A lot of excitement attached to the news that almost every state has agreed to work on a common standards framework. But isn’t the key line in Glod’s Washington Post piece this huge caveat?
“Once the organizers of the effort agree to a proposal, each state would decide individually whether to adopt it. ”
In other words, signing on to this effort at this point is akin to joining a health club. One person can join a health club, workout daily, change their lifestyle habits and so forth. Another can join, eat Big Macs for lunch and come once a month to soak in the jacuzzi. They’re both still members of the same health club but the similarities end there.
As we’ve seen recently with the common graduation measures adopted by the states (which are hardly as intrusive as adoption of standards like this would be) these ideas often end up being treated like a la carte dining rather than the five-course meal they’re intended to be. States take the pieces they like, disregard the rest, and still say they’re in the club.*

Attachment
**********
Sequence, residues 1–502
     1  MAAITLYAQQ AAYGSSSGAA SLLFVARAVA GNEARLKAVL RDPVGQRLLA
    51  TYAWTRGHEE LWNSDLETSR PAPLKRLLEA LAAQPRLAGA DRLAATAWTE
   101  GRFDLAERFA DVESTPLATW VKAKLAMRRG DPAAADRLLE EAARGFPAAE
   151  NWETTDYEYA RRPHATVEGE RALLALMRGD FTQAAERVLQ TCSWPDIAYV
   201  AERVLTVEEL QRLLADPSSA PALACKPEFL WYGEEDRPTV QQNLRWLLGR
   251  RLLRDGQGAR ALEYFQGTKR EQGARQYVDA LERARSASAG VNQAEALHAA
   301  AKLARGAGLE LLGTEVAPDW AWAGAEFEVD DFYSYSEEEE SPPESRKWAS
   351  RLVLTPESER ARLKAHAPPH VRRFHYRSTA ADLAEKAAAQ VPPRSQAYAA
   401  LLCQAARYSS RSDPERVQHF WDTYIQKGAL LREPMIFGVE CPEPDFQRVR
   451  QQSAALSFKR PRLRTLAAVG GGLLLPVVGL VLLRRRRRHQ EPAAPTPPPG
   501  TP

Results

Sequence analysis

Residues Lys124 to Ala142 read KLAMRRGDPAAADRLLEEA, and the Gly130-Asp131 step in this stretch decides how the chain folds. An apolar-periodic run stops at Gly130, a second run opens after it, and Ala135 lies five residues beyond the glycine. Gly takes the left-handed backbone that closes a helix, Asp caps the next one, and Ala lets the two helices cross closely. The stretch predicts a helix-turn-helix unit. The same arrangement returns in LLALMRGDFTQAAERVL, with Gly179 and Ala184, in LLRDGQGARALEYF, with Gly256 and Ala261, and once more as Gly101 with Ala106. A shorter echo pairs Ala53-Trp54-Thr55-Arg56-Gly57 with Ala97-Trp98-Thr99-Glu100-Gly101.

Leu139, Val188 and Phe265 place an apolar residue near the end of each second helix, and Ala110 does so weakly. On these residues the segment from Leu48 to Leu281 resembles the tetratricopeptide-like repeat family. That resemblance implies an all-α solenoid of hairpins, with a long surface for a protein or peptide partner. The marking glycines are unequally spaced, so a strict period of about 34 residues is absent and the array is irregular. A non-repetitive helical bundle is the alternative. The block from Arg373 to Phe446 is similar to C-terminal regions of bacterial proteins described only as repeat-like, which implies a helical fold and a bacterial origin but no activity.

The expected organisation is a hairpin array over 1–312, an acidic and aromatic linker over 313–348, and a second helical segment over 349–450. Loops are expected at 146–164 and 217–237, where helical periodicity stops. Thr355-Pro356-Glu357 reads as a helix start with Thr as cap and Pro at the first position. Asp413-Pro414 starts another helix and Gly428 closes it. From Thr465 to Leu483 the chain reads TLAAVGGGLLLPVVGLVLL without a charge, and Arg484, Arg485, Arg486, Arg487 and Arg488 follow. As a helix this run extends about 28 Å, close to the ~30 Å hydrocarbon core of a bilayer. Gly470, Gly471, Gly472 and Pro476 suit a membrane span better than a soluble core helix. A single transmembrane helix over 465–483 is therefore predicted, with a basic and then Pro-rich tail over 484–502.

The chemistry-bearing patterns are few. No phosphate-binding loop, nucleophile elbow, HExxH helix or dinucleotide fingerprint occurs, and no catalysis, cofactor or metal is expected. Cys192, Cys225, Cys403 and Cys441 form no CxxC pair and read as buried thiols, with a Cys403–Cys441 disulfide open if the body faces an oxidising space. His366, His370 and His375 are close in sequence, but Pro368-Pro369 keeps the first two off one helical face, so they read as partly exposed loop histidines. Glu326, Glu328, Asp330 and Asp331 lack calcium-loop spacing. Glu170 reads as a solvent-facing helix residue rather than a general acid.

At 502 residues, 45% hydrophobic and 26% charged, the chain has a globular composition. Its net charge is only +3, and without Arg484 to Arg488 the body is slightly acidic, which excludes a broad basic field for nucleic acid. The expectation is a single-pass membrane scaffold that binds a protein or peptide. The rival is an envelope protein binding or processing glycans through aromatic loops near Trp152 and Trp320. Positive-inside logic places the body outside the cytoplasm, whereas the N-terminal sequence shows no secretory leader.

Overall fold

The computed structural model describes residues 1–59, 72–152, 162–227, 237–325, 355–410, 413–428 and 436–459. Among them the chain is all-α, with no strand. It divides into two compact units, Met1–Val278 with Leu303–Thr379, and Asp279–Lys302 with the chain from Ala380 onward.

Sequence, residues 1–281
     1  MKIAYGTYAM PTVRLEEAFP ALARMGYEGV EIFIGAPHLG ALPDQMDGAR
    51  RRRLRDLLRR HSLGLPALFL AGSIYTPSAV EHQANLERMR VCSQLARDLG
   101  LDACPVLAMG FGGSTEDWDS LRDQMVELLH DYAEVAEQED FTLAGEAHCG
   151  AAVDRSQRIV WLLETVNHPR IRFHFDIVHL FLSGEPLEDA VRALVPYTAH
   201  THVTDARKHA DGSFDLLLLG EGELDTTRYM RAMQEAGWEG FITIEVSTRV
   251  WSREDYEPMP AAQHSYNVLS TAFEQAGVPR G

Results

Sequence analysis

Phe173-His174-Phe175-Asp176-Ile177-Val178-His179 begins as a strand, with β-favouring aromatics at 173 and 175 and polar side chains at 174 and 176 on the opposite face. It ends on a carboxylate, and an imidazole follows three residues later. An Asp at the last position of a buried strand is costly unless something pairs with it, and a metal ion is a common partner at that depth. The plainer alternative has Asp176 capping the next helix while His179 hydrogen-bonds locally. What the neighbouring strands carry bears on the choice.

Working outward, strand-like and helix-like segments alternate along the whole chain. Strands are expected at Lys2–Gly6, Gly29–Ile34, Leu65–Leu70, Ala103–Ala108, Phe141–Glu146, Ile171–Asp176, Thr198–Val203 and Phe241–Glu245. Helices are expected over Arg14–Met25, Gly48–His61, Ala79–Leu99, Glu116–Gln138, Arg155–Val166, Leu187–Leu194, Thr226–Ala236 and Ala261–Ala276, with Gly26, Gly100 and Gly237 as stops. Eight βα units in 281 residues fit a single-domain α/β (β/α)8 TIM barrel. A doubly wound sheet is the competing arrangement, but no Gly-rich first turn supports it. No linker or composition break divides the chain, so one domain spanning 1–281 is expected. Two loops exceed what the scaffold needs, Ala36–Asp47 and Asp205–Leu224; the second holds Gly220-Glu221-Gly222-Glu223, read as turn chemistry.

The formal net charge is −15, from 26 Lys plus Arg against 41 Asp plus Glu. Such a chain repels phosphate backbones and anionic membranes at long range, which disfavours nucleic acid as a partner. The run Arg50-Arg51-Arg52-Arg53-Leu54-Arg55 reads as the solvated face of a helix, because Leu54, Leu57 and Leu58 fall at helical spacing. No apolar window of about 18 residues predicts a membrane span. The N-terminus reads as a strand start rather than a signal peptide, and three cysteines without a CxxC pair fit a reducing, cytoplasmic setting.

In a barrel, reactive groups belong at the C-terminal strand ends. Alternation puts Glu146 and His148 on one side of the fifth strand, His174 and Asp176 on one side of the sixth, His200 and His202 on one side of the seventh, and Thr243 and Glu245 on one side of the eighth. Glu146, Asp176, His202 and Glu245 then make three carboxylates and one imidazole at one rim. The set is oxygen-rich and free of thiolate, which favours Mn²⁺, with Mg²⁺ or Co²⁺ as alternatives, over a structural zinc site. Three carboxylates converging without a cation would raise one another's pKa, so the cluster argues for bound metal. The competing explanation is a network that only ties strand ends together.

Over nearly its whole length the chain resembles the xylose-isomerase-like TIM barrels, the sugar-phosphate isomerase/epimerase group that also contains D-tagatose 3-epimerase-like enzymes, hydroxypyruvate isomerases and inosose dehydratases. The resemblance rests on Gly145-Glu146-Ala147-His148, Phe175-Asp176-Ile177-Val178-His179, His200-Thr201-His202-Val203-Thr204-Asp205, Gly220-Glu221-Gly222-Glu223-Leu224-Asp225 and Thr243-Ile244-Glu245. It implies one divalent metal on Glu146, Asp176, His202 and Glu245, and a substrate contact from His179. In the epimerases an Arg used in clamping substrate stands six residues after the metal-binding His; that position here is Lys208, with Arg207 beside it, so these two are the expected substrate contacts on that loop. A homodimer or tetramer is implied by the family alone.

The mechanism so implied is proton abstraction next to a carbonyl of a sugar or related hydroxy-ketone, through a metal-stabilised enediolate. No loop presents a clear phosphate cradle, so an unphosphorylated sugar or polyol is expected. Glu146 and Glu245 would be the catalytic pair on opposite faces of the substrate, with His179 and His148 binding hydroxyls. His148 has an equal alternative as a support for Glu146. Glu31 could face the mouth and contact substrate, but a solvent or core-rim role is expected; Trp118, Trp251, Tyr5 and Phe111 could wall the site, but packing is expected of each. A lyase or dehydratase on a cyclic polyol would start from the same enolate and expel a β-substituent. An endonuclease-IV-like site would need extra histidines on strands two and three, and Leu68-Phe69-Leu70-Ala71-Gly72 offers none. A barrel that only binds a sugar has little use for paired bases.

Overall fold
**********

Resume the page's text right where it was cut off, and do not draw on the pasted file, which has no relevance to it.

I’m not opposed to the idea of common standards, an idea with a lot to reccomend it, but remain skeptical of the deep and broad commitment to the idea that some claim now exists. Perhaps I’m missing the moment but signing a document that means you don’t get singled out as retrograde but doesn’t require any real action either doesn’t strike me as crossing the Rubicon on this issue just yet.
*And this happens for both legitimate (states have various constitutional and legislative anomalies) and illegitimate (subverting disruptive reforms) reasons.